Behka Speaks about the Mark Twain Apartment Fire
I don’t think a lot of you noticed, but I haven’t been posting many blogs this past few days. I’m sure our Blog Boy wants to shake his finger at me for it. But, the reason for that I think is a good one – I’ve undergone a bit of a personal tragedy recently. This may not be easy to read. I know it won’t be easy to write.
I had an apartment in the Mark Twain complex that caught on fire last week. I had lived there since February of this year. First, I’d like to maybe show you a little something about the place, or rather, what my portion of it was like. When I first moved in, I was a little excited to show some friends who lived out of state, so I made a couple of walk through videos.
As you can see, it was a little dirty on the outer vestibule, but otherwise fine. And my apartment itself was pretty good. I have always been nerdy in my decor – but meticulously clean.
I was pretty happy there. I had mementos, I had pictures, I had invested in various things here and there, and most of all, I had my cats. This picture is my favorite.
I know, it makes me sound like a crazy cat lady, but… I can’t help it. I know that I’m grateful for the lack of large human injuries. Please don’t think that I don’t understand that a human life is more important than an animal, so I completely understand why the Fire Department couldn’t break down the door for them. But It’s so sad and tragic that they had to die that way. People tell me that the smoke probably put them to sleep, and they suffocated that way without even feeling it. I can only hope that’s what happened. I don’t want to think of anything worse.
It just annoys and angers me when people say things like, “Oh, that place was trash anyway,” or “It was full of druggies,” “It’s about time,” or whatever it is they say. I had a good place, and I had a good life. And now all of that is gone.
I first heard about it by a listener who called the station and told me about it. I don’t think he knew I lived there. I called my father, waited a minute, and when I didn’t hear anything back from him, I went down there myself. I reported on the scene, thinking that since it was on the opposite side of the building, maybe it could be contained and that the rest of the building would be alright. That was about 4:30 p.m.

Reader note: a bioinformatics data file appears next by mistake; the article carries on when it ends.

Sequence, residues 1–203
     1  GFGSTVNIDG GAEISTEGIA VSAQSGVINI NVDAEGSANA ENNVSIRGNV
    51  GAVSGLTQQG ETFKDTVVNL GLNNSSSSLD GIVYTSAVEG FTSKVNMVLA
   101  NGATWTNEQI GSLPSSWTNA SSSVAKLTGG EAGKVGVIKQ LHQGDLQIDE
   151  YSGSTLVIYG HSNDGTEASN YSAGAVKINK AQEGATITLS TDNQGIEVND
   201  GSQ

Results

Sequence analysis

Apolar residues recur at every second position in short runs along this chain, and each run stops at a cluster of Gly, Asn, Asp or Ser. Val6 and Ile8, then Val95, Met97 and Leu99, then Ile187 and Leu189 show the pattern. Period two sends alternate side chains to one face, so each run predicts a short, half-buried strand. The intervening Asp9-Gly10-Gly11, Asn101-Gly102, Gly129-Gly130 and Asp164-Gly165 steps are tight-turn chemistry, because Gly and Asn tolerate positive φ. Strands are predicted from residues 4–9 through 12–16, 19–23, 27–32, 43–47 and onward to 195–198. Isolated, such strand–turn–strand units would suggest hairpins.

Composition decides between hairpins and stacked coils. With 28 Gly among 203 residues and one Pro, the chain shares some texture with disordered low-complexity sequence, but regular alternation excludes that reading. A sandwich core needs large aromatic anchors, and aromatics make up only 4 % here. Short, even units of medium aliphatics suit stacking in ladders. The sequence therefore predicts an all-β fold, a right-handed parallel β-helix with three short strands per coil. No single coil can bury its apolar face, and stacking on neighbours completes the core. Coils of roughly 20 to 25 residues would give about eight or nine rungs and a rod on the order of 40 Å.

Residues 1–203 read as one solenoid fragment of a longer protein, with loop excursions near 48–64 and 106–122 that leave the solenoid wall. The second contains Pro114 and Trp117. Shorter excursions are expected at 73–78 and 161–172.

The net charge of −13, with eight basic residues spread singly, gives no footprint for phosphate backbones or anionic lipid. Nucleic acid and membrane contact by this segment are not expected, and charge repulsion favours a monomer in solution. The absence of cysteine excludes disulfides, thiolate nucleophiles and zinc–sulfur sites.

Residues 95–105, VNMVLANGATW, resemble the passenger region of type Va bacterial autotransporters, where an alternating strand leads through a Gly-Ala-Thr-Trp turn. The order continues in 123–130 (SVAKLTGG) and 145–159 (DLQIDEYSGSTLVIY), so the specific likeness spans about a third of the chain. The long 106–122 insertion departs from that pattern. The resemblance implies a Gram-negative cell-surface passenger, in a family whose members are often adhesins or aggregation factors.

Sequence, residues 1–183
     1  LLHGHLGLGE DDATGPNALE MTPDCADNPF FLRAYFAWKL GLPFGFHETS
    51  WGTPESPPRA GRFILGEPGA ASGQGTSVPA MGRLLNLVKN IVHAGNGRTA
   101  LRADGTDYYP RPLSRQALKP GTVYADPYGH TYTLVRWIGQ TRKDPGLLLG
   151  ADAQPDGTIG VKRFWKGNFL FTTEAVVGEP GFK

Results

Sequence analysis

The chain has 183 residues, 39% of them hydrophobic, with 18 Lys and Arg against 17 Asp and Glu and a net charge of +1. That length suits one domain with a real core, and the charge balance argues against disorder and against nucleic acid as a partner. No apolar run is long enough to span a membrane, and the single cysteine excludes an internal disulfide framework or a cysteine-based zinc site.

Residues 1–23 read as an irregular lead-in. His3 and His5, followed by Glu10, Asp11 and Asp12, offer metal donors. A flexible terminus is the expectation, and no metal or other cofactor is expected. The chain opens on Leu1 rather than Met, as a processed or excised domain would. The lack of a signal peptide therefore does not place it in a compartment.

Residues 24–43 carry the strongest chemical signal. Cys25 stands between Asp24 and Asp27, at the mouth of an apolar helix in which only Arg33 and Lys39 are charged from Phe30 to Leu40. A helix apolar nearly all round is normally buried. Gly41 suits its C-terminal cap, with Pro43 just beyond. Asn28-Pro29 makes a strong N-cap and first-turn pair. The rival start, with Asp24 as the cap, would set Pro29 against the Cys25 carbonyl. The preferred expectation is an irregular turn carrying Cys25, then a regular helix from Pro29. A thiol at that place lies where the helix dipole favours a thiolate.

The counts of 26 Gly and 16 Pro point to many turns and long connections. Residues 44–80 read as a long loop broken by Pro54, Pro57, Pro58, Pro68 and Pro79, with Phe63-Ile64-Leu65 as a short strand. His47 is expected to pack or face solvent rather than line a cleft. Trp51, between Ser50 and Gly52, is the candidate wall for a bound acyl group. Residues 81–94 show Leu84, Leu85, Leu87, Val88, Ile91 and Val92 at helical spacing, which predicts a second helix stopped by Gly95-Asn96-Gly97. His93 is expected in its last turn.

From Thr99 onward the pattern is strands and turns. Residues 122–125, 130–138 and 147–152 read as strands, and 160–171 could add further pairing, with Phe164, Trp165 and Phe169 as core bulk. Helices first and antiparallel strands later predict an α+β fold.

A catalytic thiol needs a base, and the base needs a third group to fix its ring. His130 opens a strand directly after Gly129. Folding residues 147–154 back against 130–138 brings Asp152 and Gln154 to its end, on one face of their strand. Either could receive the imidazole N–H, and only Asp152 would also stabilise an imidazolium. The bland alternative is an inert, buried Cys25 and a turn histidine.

By 5 p.m. I had lost hope.
I don’t think I’ve cried that hard since my mother died a few years back. I couldn’t think straight. I didn’t eat for two days. I was at a loss, in denial, and mostly I had no idea what to do.
If I’m honest, I still don’t. Sometimes its almost like I’m fine, and I’m working toward something better, thinking about the future. Sometimes I’m desolate, not able to do anything but sit in the haze of how depressing life seems at the moment.
I know that people have been coming out of the woodwork to help me and the others (that’ll be another post) and I’m grateful for that, but part of me feels like I almost don’t deserve their help. I know that a lot of the others in the building don’t have the job connections or visibility that I do. I feel like I shouldn’t ask for help, that I shouldn’t accept too much from people because this is supposed to be my punishment. Like this was life spanking me to the curb, showing me up for thinking I was doing alright.
I’m sure a lot of this sounds melodramatic and silly, but I can only try to make sense of what it is that I’m feeling and try to communicate that. I think that if I can present one person, one story out of the thirty odd people who lived there, maybe Sedalia will understand a little better, empathize a little more.
And all I’ve got is my story.
Many people have asked to help, many people have helped, many people have reached out. And you can help.
People ask me what I’m going to do now. I don’t know. People ask me if I’ve got a plan to get a new place yet. I don’t know. People ask me if I need anything. I don’t know. People ask me if they can do anything. I don’t know. People ask me if I’m doing alright. I don’t know.
People ask me if I liked the “ghost pictures” taken during the fire. I can tell you that I didn’t like that. I mean, I understand that people are curious, and it’s all about the intrigue of the unknown. But if your house had been destroyed by a tornado, would you want someone taking pictures of the wreckage on your lawn and saying, “Hey, that 2X4 looks like Dezi Arnaz!”? Probably not. I know no disrespect or hurt was meant, but it still stung.
All I know is that this is one of the most difficult things I’ve gone through. My mother’s slow descent from cancer is the only thing I can think of that’s been harder than this. Even my own difficulties with MS haven’t caused me this much grief.
Tomorrow I’d like to talk again to you all and thank people who have helped, and how they’ve helped, and how you can help, if you’ll join me again. I appreciate everything that Sedalia has done and is doing for me and for everyone at Mark Twain. Thank you all so much. I hope that wasn’t too depressing to read.